MAS: Singapore faces sluggish global economic outlook; still too early to lift property cooling measures

Monetary of Singapore annual report press conference at MAS building on 25 July 2016. From left: Ong Chong Tee, deputy managing director, Ravi Menon, managing director, Jacqueline Loh, deputy managing director and Andrew Khoo, deputy managing directo
Monetary of Singapore annual report press conference at MAS building on 25 July 2016. From left: Ong Chong Tee, deputy managing director, Ravi Menon, managing director, Jacqueline Loh, deputy managing director and Andrew Khoo, deputy managing director. ST PHOTO: JOYCE FANG
Ravi Menon, MAS managing director.
Ravi Menon, MAS managing director.ST PHOTO: JOYCE FANG

SINGAPORE- Singapore's economic growth remains sluggish amid the lacklustre global outlook, Monetary Authority of Singapore (MAS) managing director Ravi Menon cautioned.

Uncertainty around Brexit will weigh on the European Union's economy, while there has been a lack of trade and investment demand from the United States, he noted during the MAS annual report briefing on Monday (July 25).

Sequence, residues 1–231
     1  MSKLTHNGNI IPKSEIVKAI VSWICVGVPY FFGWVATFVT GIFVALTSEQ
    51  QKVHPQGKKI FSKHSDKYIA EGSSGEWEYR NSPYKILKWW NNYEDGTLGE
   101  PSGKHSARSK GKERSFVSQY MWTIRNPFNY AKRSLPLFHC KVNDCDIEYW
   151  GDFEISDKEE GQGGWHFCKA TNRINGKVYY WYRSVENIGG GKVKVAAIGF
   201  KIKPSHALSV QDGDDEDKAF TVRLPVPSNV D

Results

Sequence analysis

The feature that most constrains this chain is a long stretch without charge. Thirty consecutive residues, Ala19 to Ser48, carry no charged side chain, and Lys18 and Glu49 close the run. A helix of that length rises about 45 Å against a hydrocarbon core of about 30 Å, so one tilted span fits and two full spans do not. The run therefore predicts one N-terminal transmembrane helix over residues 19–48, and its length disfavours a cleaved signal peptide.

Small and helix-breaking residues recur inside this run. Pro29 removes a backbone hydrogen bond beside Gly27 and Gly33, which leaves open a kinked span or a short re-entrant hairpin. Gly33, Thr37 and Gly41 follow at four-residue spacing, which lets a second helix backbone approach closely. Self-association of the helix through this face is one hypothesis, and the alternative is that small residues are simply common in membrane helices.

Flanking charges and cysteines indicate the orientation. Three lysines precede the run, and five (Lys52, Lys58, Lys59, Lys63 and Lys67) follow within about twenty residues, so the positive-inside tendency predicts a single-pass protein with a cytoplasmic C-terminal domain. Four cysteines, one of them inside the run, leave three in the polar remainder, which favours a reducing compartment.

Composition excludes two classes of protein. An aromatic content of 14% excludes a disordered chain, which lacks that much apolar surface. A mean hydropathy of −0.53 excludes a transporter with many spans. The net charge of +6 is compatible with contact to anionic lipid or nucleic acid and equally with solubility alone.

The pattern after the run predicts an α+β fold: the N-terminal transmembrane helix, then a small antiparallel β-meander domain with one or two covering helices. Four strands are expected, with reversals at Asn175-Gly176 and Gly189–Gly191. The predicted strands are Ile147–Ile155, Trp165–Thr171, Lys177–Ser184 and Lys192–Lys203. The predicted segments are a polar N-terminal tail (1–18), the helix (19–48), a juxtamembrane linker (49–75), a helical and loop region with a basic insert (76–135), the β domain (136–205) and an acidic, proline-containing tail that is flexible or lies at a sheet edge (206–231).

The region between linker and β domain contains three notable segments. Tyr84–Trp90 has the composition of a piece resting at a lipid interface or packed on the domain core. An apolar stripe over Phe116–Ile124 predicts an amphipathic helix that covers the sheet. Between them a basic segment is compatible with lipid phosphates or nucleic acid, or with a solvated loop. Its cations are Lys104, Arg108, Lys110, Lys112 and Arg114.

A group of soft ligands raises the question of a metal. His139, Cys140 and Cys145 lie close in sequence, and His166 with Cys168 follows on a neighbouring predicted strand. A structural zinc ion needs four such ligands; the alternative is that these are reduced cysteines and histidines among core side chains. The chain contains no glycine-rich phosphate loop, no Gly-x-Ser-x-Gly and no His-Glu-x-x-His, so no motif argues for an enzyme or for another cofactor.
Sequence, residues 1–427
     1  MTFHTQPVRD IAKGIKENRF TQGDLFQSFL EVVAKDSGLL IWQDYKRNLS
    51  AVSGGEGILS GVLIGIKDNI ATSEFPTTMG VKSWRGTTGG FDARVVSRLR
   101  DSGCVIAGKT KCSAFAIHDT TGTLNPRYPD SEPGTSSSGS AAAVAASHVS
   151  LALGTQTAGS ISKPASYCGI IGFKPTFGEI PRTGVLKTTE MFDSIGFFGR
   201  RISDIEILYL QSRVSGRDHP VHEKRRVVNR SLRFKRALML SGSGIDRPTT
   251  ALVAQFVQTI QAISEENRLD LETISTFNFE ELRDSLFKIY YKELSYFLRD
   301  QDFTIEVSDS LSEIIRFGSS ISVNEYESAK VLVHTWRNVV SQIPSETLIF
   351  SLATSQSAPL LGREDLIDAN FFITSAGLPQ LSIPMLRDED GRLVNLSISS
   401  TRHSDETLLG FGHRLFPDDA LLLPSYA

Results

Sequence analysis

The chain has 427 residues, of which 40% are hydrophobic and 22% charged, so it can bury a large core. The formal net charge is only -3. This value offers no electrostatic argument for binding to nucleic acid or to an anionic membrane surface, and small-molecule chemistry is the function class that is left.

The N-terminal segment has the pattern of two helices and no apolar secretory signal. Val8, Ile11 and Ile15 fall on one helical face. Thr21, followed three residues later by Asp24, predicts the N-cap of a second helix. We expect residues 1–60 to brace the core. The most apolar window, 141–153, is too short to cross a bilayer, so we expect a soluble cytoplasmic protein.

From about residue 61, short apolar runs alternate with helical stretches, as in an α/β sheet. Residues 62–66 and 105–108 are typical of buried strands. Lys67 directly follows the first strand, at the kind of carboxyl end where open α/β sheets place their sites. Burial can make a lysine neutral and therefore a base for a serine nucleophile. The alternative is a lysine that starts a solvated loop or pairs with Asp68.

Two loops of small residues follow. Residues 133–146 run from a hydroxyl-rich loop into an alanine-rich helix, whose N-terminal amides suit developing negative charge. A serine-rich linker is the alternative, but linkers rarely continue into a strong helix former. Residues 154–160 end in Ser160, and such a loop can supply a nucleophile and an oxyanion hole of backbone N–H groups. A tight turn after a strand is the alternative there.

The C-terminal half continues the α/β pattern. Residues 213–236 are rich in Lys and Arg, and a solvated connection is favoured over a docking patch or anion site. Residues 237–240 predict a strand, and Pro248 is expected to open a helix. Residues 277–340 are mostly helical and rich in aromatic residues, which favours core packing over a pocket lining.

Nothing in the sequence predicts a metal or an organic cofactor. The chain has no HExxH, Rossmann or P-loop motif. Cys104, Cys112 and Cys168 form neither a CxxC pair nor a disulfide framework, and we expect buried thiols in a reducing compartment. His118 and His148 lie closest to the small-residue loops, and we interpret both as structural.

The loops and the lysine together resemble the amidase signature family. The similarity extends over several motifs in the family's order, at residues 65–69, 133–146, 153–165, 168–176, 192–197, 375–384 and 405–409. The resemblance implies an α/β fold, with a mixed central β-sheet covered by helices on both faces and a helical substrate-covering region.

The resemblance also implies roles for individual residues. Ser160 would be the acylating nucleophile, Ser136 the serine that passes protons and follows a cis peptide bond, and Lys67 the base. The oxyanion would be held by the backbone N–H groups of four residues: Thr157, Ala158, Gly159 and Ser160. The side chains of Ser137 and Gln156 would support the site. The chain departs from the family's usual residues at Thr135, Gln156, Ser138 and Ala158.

Against this backdrop, Singapore's economic performance in the second half of 2016 will be similar to the first half - when growth averaged at 2.2 per cent year on year - with some "month-to-month volatility".

 

"The trade cluster is showing tentative signs of stabilisation with improvement in certain segments," Mr Menon noted, pointing to the electronics sector's sequential growth in April and May.

 

But modern services, such as financial and engineering services, will experience slower growth than they previously did.

"The forecast for growth in 2016 is 1 to 3 per cent. The Ministry of Trade and Industry and MAS are reviewing this range," Mr Menon added.

Meanwhile, the MAS intends to maintain its current Singdollar exchange rate policy stance, barring a significant shift in the inflation outlook.

In April, the MAS moved to a zero per cent rate of appreciation for the Singdollar nominal effective exchange rate policy band.

Singapore's core inflation rate will likely average around 1 per cent, and trend towards the historical average of close to 2 per cent over 2017, Mr Menon said.

It's also "too early" to unwind the property cooling measures, he added.

"Household balance sheets have started to strengthen, with annual growth in household debt moderating to 1.7 per cent in the first quarter of 2016, down from 8 per cent over the last five years.

"But there is still some way to go, to entrench the gains in stabilising the property market and restoring household debt sustainability."